Clue moved closer, whispering in my ear. “I’ve never seen a man so besotted with a kid before. No wonder you like working for him. Beneath the scary appearance, he’s a massive softy.”
I snorted. Fox. A softy? Was I the only one who saw past the livid scar, the surliness, and into his soul? His dark and damaged soul?
No, I’m not the only one.
Clara did, too, but instead of being afraid of him, she suffered the same malady I did. She wanted to fix him. She stupidly thought a bit of glue and paperclips would fix him. And it would break her heart when she realized it wasn’t possible. But how could I prevent her from trying?
“Do you have horses and ponies…and sheep? Oh, I like sheep.” Clara once again moved far too close to Fox.
He pre-empted her touching him and took a step back. “I have many animals, but no sheep.”
Clara chewed on her cheek in thought, looking as if that was a deal breaker. Her eyes lit up. “Can you make a sheep?”
Fox smiled softly. “I could make a sheep if you wanted one.”
She nodded. “Good. Yes, I want one.”
Fox moved away a little more, stress lines and shadows darkening his face. He’d run the gauntlet, and he looked as if his reserves were dwindling. How much longer could he hold onto his self-control?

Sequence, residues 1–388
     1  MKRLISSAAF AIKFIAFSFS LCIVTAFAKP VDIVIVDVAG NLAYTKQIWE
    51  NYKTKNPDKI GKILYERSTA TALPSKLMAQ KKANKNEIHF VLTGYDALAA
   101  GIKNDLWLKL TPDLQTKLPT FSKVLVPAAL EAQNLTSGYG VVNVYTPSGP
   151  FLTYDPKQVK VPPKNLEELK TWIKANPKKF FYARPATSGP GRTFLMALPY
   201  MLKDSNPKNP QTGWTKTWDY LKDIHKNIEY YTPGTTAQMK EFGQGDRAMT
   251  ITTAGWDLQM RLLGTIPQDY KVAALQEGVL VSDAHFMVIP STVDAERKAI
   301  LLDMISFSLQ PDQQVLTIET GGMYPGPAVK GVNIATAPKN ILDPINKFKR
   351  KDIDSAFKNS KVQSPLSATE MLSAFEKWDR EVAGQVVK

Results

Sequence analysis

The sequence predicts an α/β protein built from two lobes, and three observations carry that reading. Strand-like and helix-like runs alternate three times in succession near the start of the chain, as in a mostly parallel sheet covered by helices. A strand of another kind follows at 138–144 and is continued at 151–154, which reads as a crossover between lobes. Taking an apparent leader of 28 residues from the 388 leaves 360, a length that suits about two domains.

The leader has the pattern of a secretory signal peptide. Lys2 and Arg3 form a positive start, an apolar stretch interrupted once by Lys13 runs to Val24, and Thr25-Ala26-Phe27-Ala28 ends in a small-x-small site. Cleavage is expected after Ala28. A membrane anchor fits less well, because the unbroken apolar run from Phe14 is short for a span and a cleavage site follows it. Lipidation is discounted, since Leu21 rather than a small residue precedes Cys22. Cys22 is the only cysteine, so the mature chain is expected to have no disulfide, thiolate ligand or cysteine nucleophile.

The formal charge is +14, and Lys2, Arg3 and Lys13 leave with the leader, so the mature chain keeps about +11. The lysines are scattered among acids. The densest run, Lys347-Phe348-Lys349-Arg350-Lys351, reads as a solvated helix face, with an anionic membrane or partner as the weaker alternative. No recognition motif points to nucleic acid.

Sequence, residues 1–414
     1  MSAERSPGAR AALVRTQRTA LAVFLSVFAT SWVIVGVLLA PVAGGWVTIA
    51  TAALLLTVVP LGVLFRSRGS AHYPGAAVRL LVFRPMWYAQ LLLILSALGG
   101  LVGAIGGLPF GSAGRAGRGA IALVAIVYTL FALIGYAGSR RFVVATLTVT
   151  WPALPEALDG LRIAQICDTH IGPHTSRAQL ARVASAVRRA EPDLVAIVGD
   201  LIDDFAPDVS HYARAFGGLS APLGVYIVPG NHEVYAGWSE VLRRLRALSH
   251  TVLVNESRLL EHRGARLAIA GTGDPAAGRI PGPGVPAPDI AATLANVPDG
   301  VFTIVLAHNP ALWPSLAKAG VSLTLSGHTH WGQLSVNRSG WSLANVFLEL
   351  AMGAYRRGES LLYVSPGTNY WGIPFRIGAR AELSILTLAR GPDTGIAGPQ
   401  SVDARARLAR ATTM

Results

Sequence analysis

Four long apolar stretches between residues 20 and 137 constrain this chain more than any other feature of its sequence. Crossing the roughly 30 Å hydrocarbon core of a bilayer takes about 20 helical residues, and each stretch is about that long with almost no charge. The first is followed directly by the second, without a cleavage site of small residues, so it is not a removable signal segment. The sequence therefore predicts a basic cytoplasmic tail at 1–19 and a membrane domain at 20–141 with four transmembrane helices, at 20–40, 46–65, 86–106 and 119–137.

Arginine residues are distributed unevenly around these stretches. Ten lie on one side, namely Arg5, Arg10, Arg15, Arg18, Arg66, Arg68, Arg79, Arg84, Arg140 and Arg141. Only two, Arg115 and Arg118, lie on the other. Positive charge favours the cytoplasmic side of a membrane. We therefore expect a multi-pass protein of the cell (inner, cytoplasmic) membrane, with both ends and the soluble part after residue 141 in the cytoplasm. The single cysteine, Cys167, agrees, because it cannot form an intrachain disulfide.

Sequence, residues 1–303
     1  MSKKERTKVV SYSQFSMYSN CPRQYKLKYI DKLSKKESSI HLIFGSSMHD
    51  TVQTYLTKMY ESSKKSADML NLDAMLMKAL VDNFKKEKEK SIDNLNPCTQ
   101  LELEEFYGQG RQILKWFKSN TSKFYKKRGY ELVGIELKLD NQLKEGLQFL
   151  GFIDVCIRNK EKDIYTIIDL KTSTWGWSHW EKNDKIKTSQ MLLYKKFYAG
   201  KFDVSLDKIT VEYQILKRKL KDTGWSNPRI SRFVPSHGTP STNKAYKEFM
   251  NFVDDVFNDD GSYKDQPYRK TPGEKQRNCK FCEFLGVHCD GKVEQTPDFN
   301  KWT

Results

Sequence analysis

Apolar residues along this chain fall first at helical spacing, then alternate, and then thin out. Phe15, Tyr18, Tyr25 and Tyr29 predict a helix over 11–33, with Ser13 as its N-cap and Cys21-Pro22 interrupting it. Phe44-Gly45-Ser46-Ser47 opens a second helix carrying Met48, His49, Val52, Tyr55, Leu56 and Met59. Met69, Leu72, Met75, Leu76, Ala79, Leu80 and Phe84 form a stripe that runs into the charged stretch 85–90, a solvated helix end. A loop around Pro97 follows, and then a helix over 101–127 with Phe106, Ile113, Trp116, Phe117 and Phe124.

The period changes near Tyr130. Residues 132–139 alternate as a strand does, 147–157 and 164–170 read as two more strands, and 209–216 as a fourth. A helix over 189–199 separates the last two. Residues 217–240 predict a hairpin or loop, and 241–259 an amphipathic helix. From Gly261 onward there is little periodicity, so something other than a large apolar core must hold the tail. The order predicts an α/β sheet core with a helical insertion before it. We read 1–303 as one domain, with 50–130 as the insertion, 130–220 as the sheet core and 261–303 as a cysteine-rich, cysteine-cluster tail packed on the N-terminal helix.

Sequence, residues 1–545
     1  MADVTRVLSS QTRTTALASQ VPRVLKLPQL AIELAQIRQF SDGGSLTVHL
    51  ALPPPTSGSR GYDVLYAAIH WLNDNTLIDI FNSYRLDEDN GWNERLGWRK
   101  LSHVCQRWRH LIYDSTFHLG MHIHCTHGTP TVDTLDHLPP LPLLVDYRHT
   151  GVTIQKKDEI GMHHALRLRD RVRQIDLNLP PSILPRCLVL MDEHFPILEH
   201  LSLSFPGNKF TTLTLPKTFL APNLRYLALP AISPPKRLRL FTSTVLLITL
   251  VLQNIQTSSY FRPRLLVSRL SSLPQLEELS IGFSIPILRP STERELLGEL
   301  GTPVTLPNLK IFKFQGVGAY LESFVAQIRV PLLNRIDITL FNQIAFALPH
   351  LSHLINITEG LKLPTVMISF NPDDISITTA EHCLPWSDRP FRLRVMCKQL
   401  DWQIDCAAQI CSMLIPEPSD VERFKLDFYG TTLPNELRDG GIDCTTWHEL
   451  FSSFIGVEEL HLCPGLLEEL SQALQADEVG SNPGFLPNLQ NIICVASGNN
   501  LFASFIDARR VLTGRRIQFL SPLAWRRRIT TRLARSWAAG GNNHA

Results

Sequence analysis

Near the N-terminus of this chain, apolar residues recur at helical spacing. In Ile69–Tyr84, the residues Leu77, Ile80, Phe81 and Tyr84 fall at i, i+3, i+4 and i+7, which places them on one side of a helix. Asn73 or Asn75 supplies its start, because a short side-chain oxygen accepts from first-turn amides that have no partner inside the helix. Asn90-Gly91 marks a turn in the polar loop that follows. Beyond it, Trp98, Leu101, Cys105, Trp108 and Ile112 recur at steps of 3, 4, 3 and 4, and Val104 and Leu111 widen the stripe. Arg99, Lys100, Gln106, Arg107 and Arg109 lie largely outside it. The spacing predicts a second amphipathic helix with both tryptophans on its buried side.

Moving forward swiftly, I grabbed Clara and pressed her against my legs, imprisoning her with my arms around her neck. She squirmed, but let me contain her.
The third and final life changing event came in the form of Clara’s innocent question.
“Mummy, I want to see Roan’s animal collection. Don’t make me go home yet, okay?”
His true name.
My eyes shot to Fox’s, wide and amazed and slightly hurt. He’d told my daughter, who he’d known all of ten minutes, his first name. He hadn’t given me that honour. He’d taken everything I had to give and hadn’t granted me a single part of himself.
Fox gritted his jaw, recognising my anger, but not acknowledging it. Instead, he asked, “Is Clara why you leave every night? Why you don’t stay?”
Clue sucked in a breath beside me, finally sensing the sparks and awareness between us. I didn’t give him an answer. It wasn’t any of his business.
He dropped his eyes to Clara. “Does your mum come home to you every night? Would you miss her if she didn’t?”